I have said for years that traditional nonprofit fundraising is broken. So broken. Because if you think about it, nonprofit fundraising is very much steeped in the scarcity mindset. The underlying assumption in most nonprofit fundraising efforts is “not enough.” We’ve seen this very clearly in recent months when so many nonprofits were hesitant to fundraise during the pandemic because they feared there just wasn’t “enough money” to go around. But long before the pandemic, fundraising has been all about scarcity.
When I think about how nonprofit fundraising is typically conducted, an image of fearfully holding out a tin cup to capture the dregs remaining from our market economy comes to mind. That is, in essence, a scarcity approach.
So let’s change that.
Let’s move your money raising efforts from a broken fundraising approach to a much more effective, functional and (wait for it) abundant approach to attracting all the money you need.
The first step is to shift your organization’s fundamental question about money. In a traditional nonprofit fundraising approach, a board and staff ask the scarcity-based question:
“How much money can we raise?”
Instead, you want to move to an abundance-based question:
“How much money will it take to accomplish our goals?”
This abundance question puts you squarely in the driver’s seat. You are no longer beholden to money, afraid of it, or unsure whether it will show up. Instead you are confident in the value you are offering the world (your goals) and clear about how much money is required to achieve that value.
Once you have the answer to this abundance-based question, you can then move into a social change financing approach.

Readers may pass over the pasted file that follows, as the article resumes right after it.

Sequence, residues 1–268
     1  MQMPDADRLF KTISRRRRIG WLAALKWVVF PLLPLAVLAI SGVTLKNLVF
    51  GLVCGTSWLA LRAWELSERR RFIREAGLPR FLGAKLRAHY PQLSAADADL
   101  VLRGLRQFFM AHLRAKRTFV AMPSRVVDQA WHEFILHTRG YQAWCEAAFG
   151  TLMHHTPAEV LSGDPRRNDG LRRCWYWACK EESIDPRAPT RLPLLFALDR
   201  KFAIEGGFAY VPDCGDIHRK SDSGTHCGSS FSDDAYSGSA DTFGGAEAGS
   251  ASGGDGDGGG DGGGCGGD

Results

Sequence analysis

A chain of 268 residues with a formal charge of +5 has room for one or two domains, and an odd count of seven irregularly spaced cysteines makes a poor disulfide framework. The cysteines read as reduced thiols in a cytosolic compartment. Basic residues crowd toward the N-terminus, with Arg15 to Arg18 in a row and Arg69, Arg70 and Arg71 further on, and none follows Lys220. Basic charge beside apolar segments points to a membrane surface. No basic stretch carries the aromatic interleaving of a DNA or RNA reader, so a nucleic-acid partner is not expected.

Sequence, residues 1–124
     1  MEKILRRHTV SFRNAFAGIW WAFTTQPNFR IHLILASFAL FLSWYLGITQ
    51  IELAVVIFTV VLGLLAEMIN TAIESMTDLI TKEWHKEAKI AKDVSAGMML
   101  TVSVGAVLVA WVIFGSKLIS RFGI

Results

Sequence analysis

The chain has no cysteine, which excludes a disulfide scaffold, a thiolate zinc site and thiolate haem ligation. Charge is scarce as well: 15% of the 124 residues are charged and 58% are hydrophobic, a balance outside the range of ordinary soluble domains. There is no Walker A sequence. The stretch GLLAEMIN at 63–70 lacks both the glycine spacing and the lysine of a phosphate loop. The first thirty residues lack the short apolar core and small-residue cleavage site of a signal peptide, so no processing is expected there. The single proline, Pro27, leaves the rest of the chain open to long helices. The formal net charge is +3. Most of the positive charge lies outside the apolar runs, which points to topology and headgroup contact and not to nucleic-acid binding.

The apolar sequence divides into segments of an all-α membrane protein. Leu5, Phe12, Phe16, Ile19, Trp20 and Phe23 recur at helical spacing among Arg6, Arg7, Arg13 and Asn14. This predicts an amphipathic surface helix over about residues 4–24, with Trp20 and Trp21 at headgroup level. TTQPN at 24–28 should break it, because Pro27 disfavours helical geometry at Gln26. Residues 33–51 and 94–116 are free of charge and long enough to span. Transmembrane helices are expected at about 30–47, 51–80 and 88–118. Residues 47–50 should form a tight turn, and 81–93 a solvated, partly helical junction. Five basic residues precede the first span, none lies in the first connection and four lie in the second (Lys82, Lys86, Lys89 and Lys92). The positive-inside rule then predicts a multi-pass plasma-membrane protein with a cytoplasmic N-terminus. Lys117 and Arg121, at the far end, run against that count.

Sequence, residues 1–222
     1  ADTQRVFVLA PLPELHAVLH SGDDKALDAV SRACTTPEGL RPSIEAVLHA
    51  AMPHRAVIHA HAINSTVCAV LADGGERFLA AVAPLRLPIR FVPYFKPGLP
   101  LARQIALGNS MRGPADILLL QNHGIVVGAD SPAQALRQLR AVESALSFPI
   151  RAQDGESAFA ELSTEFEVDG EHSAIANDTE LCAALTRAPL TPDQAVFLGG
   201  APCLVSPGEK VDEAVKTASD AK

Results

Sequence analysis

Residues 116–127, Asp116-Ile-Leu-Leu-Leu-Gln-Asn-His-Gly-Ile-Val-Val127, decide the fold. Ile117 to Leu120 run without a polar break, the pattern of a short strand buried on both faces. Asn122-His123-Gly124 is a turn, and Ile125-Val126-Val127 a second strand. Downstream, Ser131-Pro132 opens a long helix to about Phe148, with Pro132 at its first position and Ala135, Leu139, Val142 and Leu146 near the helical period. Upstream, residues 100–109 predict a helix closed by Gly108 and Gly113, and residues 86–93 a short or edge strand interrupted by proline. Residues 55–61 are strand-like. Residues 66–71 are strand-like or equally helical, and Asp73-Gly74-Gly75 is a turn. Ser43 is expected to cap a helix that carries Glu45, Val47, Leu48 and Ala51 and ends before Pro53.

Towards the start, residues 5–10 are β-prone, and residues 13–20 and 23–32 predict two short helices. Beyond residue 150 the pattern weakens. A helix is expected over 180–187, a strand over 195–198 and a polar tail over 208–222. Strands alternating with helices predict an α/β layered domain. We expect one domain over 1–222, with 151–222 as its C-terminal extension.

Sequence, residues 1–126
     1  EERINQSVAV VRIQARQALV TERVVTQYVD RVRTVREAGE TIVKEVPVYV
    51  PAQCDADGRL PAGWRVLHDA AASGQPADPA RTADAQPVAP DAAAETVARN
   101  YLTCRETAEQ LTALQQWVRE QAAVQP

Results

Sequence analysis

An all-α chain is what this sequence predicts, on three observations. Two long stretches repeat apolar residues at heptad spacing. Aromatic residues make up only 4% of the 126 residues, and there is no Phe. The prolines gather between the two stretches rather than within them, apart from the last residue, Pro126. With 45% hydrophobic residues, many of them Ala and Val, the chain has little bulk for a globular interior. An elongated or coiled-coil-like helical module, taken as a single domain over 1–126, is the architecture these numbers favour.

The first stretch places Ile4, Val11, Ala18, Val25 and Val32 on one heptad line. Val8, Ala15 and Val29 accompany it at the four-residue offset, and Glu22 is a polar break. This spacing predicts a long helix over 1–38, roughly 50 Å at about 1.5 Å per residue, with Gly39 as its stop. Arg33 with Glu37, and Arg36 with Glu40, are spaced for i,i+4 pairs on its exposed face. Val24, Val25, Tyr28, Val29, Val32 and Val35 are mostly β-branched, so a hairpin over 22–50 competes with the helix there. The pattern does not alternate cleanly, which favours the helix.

I define social change financing as:
Attracting enough and the right kinds of money to achieve your social change goals.
Doesn’t that feel a lot better than spinning your wheels, desperate to bring some money in the door?
Here are some key ways that a tired nonprofit fundraising approach differs from a much more effective social change financing approach:
- In nonprofit fundraising, money is a source of constant worry and anxiety. But in social change financing, money is embraced as an effective, productive avenue to achieving social change.
- In nonprofit fundraising, board and staff are exhausted and burned-out. But in social change financing, board and staff are energized and excited.
- In nonprofit fundraising, a few board members help bring money in the door. But in social change financing, every board member has a specific and well-understood role in the organization’s money engine.
- In nonprofit fundraising, the organization’s revenue mix is unpredictable and unreliable. But in social change financing, the organization has a robust, fairly predictable year-over-year revenue mix.
And the list of differences goes on and on…
So let’s make 2021 the year we finally decide to turn the corner on the worn out way money flows to social change. Rather than fundraising for scraps, start fully financing the social change you want to see in the world. You can, yes, you really can.
There is lots more about how to move to a social change financing approach in my new book, Reinventing Social Change, which is available at Amazon, Barnes & Noble, IndieBound, Porchlight, and BookShop. And make sure you’re subscribed to my email list to be the first to know about webinars, reader’s circles, trainings and other events related to the book. You can join the Social Velocity e-list here.
Photo Credit: Matt Artz